A Guide to Bronchoscopy Test: Procedure, Cost, and Purpose


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45 Minutes

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Are you struggling with respiratory issues that have left you wondering about your lung health?  If so, you might find relief and answers through bronchoscopy, a common diagnostic procedure. 

This simple yet effective medical examination can provide valuable insights into various respiratory conditions. Let's explore how a bronchoscopy test serves as a crucial tool in healthcare and the intricacies of this technique.

Procedure Name


Conditions Treated

Respiratory infections, lung cancer, bronchitis

Benefits of Procedure

  1. Respiratory issues

  2. Visualisation of the airways

Treated By


You can check Bronchoscopy Cost here.

What is Bronchoscopy?

Bronchoscopy meaning: A medical procedure that involves the examination of the airways and lungs. This is done by using a thin, flexible tube called a bronchoscope. This specialised instrument is typically equipped with a light and a camera. 

During a bronchoscopy, the tube is usually inserted through the nose or mouth, passing through the throat and into the airways. The real-time images help healthcare providers assess the condition of the respiratory system and identify abnormalities. 

Anatomy of the Lungs

The lungs, essential organs for breathing, play a vital role in supplying oxygen to our bodies while removing carbon dioxide.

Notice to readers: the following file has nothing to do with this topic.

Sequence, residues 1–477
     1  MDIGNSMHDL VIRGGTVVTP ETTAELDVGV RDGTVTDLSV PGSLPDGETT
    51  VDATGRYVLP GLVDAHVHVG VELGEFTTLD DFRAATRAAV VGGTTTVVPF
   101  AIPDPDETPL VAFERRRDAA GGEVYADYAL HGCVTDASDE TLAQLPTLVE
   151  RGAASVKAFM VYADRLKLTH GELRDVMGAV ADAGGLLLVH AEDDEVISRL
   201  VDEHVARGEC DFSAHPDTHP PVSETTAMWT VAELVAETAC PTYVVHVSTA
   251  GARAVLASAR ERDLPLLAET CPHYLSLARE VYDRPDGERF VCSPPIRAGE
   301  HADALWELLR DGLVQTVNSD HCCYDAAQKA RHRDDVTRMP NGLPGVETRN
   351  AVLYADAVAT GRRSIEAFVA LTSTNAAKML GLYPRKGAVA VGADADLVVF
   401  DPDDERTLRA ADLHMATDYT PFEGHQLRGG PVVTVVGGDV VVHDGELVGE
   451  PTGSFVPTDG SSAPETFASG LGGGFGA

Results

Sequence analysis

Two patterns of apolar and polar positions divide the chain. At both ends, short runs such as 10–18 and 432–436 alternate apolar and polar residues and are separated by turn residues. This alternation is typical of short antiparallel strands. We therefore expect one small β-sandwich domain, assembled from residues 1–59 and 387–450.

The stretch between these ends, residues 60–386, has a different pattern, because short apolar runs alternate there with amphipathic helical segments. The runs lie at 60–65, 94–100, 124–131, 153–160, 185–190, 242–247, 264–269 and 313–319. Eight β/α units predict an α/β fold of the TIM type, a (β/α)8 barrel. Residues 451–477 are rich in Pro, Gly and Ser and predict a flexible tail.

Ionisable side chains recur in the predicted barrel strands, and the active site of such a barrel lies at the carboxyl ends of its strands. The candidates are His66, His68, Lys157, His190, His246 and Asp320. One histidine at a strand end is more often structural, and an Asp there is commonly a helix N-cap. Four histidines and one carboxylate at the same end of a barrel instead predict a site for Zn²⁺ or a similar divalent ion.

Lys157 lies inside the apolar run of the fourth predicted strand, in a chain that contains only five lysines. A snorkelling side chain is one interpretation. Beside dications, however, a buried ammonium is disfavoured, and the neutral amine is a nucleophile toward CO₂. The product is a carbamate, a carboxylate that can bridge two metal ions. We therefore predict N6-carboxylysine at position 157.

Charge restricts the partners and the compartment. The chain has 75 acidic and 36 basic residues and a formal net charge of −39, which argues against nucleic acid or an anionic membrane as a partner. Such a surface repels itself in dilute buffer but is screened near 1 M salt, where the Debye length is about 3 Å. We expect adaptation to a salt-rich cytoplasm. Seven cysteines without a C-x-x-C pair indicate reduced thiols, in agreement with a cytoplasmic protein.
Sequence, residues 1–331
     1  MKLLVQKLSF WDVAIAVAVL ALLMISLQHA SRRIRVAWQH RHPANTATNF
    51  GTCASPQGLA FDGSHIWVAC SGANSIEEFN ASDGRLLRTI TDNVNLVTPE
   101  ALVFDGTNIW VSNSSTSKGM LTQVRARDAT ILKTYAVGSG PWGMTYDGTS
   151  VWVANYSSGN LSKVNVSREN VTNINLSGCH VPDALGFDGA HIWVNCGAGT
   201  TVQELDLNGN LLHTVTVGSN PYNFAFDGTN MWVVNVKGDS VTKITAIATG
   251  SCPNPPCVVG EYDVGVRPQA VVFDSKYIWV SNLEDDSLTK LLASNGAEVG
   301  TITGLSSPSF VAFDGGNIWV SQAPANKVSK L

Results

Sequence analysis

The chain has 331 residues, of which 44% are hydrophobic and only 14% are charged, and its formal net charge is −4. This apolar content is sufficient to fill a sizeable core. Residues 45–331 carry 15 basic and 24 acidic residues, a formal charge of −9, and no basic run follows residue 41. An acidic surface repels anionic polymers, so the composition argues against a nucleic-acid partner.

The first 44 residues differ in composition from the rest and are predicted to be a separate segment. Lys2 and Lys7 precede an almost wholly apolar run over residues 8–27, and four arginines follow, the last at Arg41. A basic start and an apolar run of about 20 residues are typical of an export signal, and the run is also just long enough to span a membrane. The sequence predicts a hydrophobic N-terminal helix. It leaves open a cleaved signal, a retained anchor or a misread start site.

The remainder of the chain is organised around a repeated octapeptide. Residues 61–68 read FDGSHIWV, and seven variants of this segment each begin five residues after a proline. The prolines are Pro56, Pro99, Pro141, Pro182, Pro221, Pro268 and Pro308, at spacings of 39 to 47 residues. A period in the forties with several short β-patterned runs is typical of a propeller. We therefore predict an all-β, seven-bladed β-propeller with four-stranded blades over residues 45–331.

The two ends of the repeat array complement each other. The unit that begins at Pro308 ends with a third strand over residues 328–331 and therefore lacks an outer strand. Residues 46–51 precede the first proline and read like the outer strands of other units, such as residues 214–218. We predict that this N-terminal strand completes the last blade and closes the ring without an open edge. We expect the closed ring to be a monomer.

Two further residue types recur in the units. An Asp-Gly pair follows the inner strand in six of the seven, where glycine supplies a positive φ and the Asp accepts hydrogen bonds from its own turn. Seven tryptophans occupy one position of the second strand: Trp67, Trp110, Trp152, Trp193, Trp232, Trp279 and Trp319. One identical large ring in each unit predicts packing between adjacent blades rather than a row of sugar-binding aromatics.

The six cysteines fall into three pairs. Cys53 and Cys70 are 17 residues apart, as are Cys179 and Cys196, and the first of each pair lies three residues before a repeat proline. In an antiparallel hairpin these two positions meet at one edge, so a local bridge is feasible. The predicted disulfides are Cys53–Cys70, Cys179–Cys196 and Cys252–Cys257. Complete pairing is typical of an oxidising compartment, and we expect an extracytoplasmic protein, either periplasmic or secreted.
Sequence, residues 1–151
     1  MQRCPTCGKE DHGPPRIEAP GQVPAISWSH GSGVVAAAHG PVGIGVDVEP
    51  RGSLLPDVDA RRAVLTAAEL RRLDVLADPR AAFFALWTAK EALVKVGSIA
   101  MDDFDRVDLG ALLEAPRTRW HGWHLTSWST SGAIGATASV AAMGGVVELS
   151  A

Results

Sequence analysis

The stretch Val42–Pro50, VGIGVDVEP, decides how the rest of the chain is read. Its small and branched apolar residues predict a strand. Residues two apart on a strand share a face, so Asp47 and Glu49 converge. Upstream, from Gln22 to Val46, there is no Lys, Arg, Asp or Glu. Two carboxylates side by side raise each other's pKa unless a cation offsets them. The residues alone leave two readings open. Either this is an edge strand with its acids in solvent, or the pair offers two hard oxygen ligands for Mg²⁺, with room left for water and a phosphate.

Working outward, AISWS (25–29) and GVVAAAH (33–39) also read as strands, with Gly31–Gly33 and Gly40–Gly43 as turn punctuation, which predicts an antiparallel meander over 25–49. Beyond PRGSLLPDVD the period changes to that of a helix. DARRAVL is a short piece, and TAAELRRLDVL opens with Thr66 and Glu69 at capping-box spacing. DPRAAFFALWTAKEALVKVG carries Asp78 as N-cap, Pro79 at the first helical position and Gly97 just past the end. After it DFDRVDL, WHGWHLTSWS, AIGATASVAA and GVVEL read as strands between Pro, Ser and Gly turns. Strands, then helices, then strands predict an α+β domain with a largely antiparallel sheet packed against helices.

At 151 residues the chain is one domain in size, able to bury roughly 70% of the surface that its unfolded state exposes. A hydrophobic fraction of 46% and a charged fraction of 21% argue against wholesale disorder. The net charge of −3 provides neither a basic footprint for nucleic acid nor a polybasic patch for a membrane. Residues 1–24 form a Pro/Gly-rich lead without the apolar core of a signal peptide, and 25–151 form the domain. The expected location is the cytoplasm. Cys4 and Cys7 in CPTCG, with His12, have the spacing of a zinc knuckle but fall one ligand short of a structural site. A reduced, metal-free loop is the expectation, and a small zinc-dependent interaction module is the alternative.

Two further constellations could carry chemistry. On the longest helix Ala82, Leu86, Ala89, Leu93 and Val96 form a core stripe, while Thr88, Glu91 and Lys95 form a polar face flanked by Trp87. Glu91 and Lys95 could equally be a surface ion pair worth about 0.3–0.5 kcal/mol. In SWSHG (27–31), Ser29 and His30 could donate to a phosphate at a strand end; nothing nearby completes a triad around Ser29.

1. Bronchi: The airway system begins with the trachea. It splits into two main bronchi – one for each lung. They branch into smaller tubes, known as bronchioles.

  2. Bronchioles: Small air passages that extend from the bronchi and further divide within the lungs. They transport air to the alveoli.

  3. Alveoli: Tiny, balloon-like sacs clustered at the end of bronchioles. This is where the crucial exchange of oxygen and carbon dioxide occurs with the blood.

  4. Lobes: The right lung is divided into three lobes (upper, middle, and lower). The left lung has two lobes (upper and lower).

  5. Pleura: The lungs are surrounded by this double-layer membrane. The space between the layers contains a fluid that reduces friction during breathing and acts as a shock absorber.

Physiology of the Lungs

Understanding the lungs' physiology demystifies the breathing process, highlighting the intricate mechanisms. It ensures that our bodies receive the oxygen necessary for optimal functioning.

  1. Inhalation (Inspiration): The diaphragm contracts, expanding the chest cavity, and air rushes into the lungs.

  2. Exhalation (Expiration): The pulmonary muscles relax, the chest decreases, and air is pushed out.

  3. Gas Exchange: In the alveoli, oxygen moves into the blood, while carbon dioxide exits the blood into the alveoli for removal.

  4. Surfactant Production: Specialised cells release surfactant, reducing surface tension in the alveoli and preventing their collapse.

Types of Bronchoscopy

This test allows your doctor to examine your airways and detect the potential issues. There are various types of bronchoscopy for diverse patient's needs:

  1. Flexible (Fiberoptic Bronchoscopy): Utilises an adjustable tube with a fiberoptic light and camera for enhanced operability. It is Ideal for visualizing smaller airways and performing procedures such as biopsies and foreign body removal.